NAIROBI, Kenya — Satellite imagery had revealed the existence of two more mass graves in a contested region of Sudan, bringing the total number of mass graves sited there to eight, a U.S. monitoring group said Wednesday.
The Satellite Sentinel Project, a group backed by actor and Sudan activist George Clooney, said that witnesses told the group that a backhoe was used to dig some of the graves at sites in Kadugli, South Kordofan. Workers with the Sudanese Red Crescent Society were present during some of the burials, the group said.Video: Clooney launches 'anti-genocide paparazzi' (on this page)
The U.S. group has not made any estimates of the number of bodies it believes have been buried in the graves, saying that onsite research would need to be carried out.
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South Kordofan lies just across the border from newly independent South Sudan and has been the site of clashes between government troops from Sudan's Arab north and black tribesmen aligned with the south's Sudan People's Liberation Movement. Many inhabitants of South Kordofan fought for the south during the country's two decades-plus civil war against the north and are ethnically linked to the south.Story: Birthday wish: 'Lost boys' pin hopes on independent South Sudan
A report released this month by the U.N. human rights office in Geneva said Sudanese security forces allegedly carried out indiscriminate aerial bombardments in South Kordofan that killed civilians in the weeks before South Sudan became independent on July 9. It also alleged that Sudanese forces executed prisoners accused of belonging to the south's Sudan Peoples' Liberation Movement before burying them in mass graves.
"The evidence against the Sudanese government continues to compound and has now become impossible to dismiss. It is time for the international community to take serious action and execute its responsibility to protect innocent lives in Sudan," said John Prendergast, co-founder of the activist group the Enough Project.
The Sudanese Red Crescent Society has said that it buried 59 bodies in marked burial sites in Kadugli, the capital of South Kordofan state, between mid-June and mid-July.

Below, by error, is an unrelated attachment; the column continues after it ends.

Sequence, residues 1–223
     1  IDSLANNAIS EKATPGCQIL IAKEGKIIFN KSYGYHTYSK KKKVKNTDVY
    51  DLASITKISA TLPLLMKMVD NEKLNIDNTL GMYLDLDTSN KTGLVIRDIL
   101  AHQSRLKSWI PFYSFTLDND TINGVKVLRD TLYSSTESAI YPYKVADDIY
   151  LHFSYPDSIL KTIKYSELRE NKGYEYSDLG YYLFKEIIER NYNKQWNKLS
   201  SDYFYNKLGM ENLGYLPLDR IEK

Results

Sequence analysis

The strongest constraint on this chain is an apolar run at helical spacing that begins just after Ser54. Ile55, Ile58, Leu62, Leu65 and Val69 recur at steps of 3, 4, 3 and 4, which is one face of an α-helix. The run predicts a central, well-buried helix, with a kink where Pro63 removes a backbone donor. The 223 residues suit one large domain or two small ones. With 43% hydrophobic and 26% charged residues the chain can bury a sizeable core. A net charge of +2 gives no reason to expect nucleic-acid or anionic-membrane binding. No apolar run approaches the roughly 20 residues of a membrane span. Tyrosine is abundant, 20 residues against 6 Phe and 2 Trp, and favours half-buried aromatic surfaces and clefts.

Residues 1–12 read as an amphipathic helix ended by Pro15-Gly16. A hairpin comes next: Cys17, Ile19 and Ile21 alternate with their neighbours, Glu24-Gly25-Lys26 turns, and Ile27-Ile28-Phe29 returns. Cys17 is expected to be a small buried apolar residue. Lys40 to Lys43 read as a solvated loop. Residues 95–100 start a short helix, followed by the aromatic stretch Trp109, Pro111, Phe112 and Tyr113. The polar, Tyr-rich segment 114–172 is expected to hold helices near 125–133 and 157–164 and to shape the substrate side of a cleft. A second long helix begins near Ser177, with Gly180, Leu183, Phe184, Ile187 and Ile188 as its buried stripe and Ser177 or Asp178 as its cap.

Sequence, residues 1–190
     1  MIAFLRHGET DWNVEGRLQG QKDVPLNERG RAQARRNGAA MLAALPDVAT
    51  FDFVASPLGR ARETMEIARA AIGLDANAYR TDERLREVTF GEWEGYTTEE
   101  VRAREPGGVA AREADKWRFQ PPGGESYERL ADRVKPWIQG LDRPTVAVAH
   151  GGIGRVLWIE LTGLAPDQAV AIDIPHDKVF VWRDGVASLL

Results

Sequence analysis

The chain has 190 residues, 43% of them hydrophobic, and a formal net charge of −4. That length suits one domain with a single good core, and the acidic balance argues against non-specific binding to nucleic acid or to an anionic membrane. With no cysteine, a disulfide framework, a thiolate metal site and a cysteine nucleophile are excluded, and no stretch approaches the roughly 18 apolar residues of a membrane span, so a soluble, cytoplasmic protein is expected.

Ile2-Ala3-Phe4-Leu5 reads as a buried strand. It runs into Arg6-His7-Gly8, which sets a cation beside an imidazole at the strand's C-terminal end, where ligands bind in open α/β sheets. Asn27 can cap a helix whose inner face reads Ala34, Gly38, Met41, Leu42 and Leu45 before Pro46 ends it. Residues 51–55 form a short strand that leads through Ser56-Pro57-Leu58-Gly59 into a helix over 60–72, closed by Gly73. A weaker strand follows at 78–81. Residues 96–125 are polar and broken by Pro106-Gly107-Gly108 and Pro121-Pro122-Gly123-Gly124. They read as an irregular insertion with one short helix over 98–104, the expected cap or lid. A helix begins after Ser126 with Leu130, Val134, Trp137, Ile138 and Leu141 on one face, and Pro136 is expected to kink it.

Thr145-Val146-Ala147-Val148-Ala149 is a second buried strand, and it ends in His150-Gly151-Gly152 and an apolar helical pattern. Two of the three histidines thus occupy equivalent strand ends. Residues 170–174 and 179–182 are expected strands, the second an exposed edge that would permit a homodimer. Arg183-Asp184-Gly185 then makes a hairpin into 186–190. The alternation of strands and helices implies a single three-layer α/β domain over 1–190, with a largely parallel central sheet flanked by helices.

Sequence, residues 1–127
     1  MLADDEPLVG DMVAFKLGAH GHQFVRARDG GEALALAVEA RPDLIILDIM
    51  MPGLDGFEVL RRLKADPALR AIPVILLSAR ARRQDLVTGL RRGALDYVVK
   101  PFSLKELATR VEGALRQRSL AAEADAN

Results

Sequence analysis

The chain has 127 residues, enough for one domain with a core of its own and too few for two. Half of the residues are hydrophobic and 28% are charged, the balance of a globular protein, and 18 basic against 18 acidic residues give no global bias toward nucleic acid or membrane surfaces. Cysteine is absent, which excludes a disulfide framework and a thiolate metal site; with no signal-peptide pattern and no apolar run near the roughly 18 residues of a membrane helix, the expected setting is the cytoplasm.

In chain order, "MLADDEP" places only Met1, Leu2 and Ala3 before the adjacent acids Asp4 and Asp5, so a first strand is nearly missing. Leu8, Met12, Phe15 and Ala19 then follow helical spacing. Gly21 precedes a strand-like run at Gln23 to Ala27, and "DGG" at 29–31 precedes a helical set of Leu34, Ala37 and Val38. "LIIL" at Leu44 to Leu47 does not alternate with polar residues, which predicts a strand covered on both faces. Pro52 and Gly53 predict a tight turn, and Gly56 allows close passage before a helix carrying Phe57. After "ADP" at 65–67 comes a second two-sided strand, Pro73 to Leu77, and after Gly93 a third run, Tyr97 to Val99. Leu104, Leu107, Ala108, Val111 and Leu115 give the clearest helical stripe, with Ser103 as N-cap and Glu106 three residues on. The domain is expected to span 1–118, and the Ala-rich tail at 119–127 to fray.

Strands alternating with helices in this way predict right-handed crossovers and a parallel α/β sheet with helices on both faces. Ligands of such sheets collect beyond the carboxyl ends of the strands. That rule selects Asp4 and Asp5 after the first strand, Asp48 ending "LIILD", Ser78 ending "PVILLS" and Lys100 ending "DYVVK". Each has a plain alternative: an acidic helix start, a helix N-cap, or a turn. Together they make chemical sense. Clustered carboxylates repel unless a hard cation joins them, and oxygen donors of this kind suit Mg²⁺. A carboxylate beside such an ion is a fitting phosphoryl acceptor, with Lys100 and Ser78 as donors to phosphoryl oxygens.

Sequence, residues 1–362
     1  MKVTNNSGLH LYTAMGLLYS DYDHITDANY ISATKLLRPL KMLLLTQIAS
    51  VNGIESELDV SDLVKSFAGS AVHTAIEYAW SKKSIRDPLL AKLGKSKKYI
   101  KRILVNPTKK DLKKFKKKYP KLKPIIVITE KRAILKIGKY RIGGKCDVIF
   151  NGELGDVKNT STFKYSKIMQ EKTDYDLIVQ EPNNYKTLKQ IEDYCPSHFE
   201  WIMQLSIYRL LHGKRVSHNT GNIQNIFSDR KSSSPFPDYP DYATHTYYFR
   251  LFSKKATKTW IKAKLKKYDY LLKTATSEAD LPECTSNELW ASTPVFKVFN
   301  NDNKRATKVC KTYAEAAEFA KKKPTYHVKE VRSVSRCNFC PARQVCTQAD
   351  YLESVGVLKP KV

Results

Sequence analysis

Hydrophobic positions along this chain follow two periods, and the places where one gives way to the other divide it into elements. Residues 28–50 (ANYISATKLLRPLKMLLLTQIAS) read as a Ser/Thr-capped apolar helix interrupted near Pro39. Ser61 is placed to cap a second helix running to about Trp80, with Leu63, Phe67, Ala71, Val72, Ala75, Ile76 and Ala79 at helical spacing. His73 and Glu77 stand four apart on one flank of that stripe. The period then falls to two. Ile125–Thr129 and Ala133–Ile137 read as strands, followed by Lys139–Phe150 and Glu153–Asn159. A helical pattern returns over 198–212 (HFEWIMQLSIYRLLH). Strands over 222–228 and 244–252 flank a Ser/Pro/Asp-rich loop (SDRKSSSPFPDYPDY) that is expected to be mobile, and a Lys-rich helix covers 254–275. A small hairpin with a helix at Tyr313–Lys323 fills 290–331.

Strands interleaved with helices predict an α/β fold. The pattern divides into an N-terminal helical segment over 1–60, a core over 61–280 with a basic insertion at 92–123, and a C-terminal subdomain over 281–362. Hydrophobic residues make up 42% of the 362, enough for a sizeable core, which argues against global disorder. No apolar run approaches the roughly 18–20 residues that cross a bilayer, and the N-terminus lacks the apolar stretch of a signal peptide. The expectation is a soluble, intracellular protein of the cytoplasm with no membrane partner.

The International Committee of the Red Cross says it supplied body bags, rubber boots and cameras to SRCS teams tasked with the management of dead bodies, according to spokeswoman Anna Schaaf. The ICRC is not on the ground in South Kordofan.
The satellite group in July reported the first three mass graves as excavated areas measuring about 26 yards by 5 yards visible near a school in the town of Kadugli. The group said that an eyewitness reported seeing 100 bodies or more put into one of the pits on June 8.
Sudan's U.N. envoy dismissed the allegations.
"There is no proof of mass graves there," Sudan's U.N. Ambassador Daffa-Alla Elhag Ali Osman told Reuters.
Osman added that there have undoubtedly been numerous casualties in the region but said they were caused by the army of newly independent South Sudan, which seceded from Khartoum last month.Story: UN: Hundreds killed in S. Sudan tribal clashes
Southern Kordofan holds most of Sudan's known oil reserves after the south split away and took its oilfields with it.
Activists have accused Khartoum of launching airstrikes and attacks in Southern Kordofan, targeting the state's ethnic Nuba group, in a bid to stamp out opposition and assert its authority after South Sudan's independence.
The United Nations said tens of thousands have fled the violence in the territory.
The Associated Press and Reuters contributed to this report.